The five council districts in Tacoma will soon need to be revised to make sure they have as equal a number of residents as possible. This is done every 10 years and is based on data from the U.S. Census Bureau.
The population of the city is 198,397. This has not changed much since the previous census was taken in 2000. But uneven population growth means adjustments must be made to district boundaries to keep them as equal as possible. The new target is 39,679 people in each district.
District 1, which encompasses the West End and part of the North End, needs an additional 2,273 people to reach the target. District 2, which runs from Proctor District to downtown to Northeast Tacoma, needs to lose 1,244 people.
District 3, which runs from Hilltop to the border with University Place, needs to lose 328 people. District 4, which includes the East Side and part of South Tacoma, needs to gain 717 people. And District 5, which has a portion of the East Side and the rest of South Tacoma, needs to lose 1,420
Tacoma City Council members received an update on redistricting during the June 29 meeting of their Government Performance and Finance Committee.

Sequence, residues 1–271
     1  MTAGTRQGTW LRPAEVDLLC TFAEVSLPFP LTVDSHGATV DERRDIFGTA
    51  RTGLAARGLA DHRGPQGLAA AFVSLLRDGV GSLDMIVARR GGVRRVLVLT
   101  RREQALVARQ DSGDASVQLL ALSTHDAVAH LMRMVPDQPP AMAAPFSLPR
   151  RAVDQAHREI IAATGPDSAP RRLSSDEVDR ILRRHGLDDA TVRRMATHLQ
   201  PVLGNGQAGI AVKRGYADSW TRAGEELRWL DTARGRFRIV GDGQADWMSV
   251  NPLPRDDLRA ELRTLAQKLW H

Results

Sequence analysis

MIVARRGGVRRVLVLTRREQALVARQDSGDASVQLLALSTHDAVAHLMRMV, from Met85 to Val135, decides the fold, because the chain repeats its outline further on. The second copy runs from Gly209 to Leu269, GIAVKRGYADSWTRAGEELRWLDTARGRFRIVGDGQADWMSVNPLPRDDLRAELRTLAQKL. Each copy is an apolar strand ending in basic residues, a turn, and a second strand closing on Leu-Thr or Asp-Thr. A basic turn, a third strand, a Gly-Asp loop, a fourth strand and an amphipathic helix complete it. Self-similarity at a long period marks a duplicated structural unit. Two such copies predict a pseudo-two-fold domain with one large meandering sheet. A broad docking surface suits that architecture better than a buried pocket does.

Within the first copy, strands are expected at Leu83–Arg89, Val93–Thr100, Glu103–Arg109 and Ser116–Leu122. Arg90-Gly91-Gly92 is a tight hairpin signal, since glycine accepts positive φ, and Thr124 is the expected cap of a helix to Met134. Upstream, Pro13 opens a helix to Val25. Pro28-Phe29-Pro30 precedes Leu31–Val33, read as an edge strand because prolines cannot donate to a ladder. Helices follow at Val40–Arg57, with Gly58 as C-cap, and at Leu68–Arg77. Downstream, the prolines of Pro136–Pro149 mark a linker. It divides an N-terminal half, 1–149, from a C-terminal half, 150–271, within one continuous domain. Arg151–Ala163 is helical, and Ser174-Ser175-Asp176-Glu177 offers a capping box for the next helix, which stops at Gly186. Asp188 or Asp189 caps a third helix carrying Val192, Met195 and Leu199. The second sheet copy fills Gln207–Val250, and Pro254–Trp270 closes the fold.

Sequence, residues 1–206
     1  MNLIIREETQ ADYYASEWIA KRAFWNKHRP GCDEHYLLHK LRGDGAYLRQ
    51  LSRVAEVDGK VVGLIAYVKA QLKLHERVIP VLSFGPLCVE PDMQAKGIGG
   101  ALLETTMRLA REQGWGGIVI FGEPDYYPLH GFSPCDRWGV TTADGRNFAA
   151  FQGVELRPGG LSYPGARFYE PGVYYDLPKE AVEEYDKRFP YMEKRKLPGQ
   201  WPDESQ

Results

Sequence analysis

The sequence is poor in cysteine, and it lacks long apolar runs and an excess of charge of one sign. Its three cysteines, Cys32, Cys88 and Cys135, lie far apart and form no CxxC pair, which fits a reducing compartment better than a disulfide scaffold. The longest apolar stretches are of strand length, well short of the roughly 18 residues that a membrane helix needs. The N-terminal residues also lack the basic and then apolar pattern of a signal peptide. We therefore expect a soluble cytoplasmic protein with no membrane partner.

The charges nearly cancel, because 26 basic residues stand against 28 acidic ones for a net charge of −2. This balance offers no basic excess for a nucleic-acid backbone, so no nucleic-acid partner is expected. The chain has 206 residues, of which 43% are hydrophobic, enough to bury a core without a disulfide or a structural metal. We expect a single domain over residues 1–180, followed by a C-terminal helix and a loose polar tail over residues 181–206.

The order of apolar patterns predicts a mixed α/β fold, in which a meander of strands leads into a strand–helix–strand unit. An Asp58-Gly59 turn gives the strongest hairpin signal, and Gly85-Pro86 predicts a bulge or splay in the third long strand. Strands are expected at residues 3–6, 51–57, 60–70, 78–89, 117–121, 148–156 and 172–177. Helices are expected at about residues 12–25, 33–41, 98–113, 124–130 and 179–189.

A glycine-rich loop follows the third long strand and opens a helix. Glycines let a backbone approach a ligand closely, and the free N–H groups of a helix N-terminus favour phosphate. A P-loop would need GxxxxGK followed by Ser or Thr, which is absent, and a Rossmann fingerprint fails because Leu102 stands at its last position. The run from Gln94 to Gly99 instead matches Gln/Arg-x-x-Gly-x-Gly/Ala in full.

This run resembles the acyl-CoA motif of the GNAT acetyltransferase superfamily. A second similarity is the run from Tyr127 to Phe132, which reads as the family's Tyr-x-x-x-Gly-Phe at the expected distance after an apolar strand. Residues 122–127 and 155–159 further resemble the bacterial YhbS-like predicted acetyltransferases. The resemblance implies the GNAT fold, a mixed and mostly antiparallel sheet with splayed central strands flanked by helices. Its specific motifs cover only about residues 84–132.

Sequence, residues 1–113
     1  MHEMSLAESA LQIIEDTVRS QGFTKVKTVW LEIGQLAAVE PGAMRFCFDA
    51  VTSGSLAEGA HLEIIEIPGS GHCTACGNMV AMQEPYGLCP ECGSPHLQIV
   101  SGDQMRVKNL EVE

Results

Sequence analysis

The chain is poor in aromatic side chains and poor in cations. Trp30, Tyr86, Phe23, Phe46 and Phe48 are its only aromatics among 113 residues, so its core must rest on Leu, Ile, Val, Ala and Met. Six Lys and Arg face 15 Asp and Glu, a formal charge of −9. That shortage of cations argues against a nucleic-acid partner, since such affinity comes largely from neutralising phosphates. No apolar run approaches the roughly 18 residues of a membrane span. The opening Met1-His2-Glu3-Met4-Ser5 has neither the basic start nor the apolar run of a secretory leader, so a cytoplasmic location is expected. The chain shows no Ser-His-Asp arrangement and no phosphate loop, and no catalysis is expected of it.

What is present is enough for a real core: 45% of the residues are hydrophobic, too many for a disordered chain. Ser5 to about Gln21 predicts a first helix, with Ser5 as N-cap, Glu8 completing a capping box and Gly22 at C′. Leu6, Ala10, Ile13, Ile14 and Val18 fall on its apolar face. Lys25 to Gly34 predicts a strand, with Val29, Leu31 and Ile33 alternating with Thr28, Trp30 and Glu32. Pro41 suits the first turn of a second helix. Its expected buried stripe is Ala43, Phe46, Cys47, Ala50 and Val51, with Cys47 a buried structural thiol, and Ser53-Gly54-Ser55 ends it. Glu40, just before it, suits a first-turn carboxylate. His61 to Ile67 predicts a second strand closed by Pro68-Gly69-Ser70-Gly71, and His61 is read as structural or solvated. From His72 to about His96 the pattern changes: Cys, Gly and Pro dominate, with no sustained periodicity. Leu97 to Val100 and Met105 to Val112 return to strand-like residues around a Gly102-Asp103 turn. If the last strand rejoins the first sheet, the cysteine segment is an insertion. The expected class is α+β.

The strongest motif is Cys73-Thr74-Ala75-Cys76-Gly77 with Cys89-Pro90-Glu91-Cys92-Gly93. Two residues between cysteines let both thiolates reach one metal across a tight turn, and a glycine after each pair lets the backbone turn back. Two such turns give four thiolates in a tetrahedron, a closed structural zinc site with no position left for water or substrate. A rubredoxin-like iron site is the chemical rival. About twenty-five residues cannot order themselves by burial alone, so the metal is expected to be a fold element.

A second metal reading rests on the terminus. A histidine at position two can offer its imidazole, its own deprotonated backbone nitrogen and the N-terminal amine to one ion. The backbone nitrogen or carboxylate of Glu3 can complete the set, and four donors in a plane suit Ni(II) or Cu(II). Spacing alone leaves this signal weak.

In general, city officials like to use major roads such as Interstate 5 and State Route 16 as district boundaries. Randy Lewis, the city’s government relations officer, said 6th Avenue has traditionally been used as a boundary between Districts 2 and 3.
Councilmember Jake Fey noted that the boundary between Districts 1 and 2 reflect a difference in the ethnic makeup of residents in these two sections of Tacoma.
Councilmember Marty Campbell was surprised by the 1,232 residents in one small section on the Tideflats. He was informed these are people held on immigration charges at Northwest Detention Center. Regardless of their legal status, they are counted as city residents in the census.
“They do not show up on voter registration lists,” Fey observed.
Campbell expressed his desire for districts to make sense based on factors that unite the residents of each.
“Hitting a number is not as important as keeping communities together,” he said. “I want us to make a map that makes sense.”
Campbell said it is problematic when a council member cannot easily articulate the boundaries of his or her district.
“Where possible, that is the goal,” Lewis remarked.
Lewis said several decades ago, the difference in population of districts was often several hundred people. He said the general benchmark now is to keep them within 5 percent of each other.
Proctor District is currently split between two districts, although there is a possibility of it being in one. Lewis said having it in two was a conscious decision made by former council members.
Justin Leighton, a member of Central Neighborhood Council, was the only resident to testify at the meeting. He requested that the various neighborhood councils be contacted for their input on redistricting.